Friday, September 7, 2012

The Burn Pt. 1

Today is a day of gratitude. Trying to explain the last two weeks has been really overwhelming, but the task has alerted me to something: that I know this feeling well. I know the feeling of wanting to communicate a place, a community, an experience so badly, and that's not a cause for anxiety. I simply know that I struck gold again. Since my college graduation, I've gone from New Orleans to Palestine to Burning Man, and to accumulate three places, communities, experiences that you can carry around so an enormous gift. I actually considered working the Burning man symbol into my fleur-de-lis key tattoo: the fleur-de-lis for New Orleans, the key for Palestine, and the shaft of the key as a )'( man.

Damn, I was finicky about the design as it was :P

This much is true, that I'm grateful for Burning Man, and I think it'll be an important part of my life in a way I can't see yet. When a place only exists for one week out of the year, it's hard to predict. Like a less intense version of an Olympian training four years for one 9.86 second race. Fortunately, the bigger BM gets, the more it exists in the "default world." That terminology sounds kind of douch-ey, huh? I guess what I'm trying to say is, over time Burning Man is becoming more default and default is becoming more Burning Man. The trick it to keep the intensity, and momentum, and love, and everything people go to Black Rock City to find. That I have a role to play in that future is also overwhelming....and exciting.

So here goes. An attempt to explain. My next entry will be a transcription of my physical 6-day journal, which is a funny, pathetic, bizarre, pee-in-your-pants kind of read.


"I'm not a virgin anymore!!"

That's what a first-timer yells as they bang a stick against a bell at the entrance to Black Rock City.

There is a ritual, and it goes something like this: your veteran car-mates make a point to yell "virgin burner!" at the volunteer greeters at the gate, effectively blowing your cover and setting the ritual in motion. You are then pulled out of the car, given lots of hugs and "welcome home"s. Then you get down and dirty. Literally, you make dust angels on the ground. Then the banging of the bell, and the self-outing, and you're released from greeter custody and set free to roam the Playa uninhibited for the next week (or 11 days, in my case). If you're smart, you tuck your car keys, phone, and money in a secure place because chances are, you won't be bothering with them for a while.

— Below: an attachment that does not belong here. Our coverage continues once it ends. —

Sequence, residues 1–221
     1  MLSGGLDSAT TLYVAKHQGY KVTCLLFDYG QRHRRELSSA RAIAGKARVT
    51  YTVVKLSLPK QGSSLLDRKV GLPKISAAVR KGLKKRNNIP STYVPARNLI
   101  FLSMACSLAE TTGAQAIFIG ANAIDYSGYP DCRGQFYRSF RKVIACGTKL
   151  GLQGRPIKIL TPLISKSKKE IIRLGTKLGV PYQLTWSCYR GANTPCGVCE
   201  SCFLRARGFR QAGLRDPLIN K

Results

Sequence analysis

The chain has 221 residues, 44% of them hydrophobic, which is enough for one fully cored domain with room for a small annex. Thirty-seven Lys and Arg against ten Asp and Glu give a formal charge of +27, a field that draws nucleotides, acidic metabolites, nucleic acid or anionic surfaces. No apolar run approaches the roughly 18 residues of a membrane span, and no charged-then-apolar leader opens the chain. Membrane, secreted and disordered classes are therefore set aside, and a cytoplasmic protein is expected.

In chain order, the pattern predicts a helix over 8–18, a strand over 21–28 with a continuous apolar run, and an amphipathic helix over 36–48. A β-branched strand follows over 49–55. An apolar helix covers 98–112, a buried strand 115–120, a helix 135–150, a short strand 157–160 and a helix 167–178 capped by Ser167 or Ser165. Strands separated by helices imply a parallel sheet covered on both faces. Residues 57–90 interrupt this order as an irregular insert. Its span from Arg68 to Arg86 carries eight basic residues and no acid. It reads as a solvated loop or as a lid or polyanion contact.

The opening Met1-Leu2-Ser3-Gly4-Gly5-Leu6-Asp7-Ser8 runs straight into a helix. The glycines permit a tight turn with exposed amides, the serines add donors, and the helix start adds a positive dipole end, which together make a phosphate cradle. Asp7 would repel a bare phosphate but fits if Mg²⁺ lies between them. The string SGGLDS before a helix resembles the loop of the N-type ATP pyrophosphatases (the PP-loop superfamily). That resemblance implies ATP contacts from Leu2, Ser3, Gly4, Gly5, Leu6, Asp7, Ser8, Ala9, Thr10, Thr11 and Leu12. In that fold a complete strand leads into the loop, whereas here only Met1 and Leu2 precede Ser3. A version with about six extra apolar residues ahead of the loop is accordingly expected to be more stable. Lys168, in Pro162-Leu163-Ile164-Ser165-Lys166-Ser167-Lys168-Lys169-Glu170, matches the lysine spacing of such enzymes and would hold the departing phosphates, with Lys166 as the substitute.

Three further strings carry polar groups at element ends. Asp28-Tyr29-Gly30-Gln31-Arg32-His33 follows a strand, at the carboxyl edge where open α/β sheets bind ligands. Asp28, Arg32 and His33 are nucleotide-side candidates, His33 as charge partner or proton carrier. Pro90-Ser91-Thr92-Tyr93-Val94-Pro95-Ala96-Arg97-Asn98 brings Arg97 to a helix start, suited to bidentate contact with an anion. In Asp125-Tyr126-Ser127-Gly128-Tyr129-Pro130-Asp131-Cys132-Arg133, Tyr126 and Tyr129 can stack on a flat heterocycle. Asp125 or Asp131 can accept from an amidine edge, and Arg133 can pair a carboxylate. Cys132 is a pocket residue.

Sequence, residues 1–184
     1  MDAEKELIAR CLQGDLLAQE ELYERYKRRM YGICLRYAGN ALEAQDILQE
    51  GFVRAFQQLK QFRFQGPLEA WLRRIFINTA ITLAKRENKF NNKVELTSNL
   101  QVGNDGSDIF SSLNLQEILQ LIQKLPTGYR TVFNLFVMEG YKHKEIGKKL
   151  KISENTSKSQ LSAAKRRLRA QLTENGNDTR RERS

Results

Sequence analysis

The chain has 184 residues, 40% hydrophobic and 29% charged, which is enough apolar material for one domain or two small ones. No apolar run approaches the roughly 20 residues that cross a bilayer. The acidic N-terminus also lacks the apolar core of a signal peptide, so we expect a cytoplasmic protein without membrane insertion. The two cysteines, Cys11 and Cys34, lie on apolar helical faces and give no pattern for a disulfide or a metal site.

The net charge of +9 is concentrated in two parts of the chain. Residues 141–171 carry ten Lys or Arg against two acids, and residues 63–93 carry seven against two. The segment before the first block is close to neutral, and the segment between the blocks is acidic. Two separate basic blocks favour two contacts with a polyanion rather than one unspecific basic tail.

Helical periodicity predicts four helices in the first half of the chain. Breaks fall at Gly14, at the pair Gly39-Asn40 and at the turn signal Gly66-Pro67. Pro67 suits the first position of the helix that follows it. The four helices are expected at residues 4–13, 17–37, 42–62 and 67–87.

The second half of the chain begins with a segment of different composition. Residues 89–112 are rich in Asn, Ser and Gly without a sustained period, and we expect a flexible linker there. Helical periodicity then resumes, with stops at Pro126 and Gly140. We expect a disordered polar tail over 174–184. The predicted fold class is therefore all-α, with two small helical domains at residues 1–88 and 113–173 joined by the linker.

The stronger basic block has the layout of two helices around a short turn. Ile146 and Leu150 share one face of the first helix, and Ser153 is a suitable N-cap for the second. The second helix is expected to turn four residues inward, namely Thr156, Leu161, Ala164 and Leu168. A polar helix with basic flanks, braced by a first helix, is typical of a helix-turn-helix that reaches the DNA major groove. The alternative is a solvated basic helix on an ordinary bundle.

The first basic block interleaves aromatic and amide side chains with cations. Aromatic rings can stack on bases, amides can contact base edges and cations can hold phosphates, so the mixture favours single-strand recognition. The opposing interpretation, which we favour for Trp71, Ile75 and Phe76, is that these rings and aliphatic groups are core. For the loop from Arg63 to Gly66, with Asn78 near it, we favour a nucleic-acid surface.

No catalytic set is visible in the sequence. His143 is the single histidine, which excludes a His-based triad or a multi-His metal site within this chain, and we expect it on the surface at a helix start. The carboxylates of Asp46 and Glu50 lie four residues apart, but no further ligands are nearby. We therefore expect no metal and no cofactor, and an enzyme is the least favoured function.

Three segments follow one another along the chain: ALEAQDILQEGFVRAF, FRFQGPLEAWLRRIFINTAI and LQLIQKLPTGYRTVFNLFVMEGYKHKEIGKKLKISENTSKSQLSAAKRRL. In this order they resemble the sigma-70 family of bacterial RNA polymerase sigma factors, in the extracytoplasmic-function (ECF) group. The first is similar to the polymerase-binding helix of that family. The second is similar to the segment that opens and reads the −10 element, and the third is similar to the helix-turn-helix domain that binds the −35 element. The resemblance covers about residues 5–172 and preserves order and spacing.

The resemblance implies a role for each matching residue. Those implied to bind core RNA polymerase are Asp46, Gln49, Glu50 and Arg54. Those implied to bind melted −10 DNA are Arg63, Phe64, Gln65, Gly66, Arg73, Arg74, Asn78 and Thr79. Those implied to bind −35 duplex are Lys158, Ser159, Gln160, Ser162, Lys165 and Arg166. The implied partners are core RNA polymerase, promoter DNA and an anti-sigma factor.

We got to BRC two days before the gates officially opened, to help our camp set up. The city was about 15% populated with theme camp-devotees. For the next two days the city grew horizontally and vertically as crews worked around the clock to set up geodesic domes, shade structures, hexayurts, giant art installations, lounges, kitchens, stages, arenas that would hold thousands of ravers, and the 2012 temple that would burn the day after the man. There weren't a lot of individual tents at this point. Those folks would start arriving on Sunday at 6pm.

For one week out of the year, Black Rock City is the 4th largest city in Nevada. The citizens of BRC hail from Reno, San Francisco, San Diego, Seattle, New Orleans, Boston, London, Oslo....I tried to imagine what Burning Man felt like to a non-American...."yeah, there's this cool thing that happens in the desert in Nevada...and I spent thousands of dollars to get here and set up a theme camp!" I learned about some of the festivals in Europe, and the feeling I got was that they still don't hold a candle.

That was Eurotache camp, formally Euro-Trash. It was run by Condor and Ingi, who live in Oslo, and it's a red-curtained bar and lounge where people can roll the dice to perform European rites of passage like Beer Clogging and the Martache (marmite mustache). I got my early admission pass through Condor, in exchange for some set-up labor. We had the structure assembled and decorated in three days. On the second day I asked Ingi if she'd ever heard of a show called Twin  Peaks. She smiled and said, "well yeah, the Black Lodge is the inspiration for the curtains." I was ecstatic, and suddenly aware that I had no cell service or social media within reach to tell my brother and the world that I had found kindred spirits. Condor came in and added that he had always wanted to get the black and white zig-zag carpet, and a white Greek statue, and once they met a very tall guy who could've been The Giant. Sadly, he declined.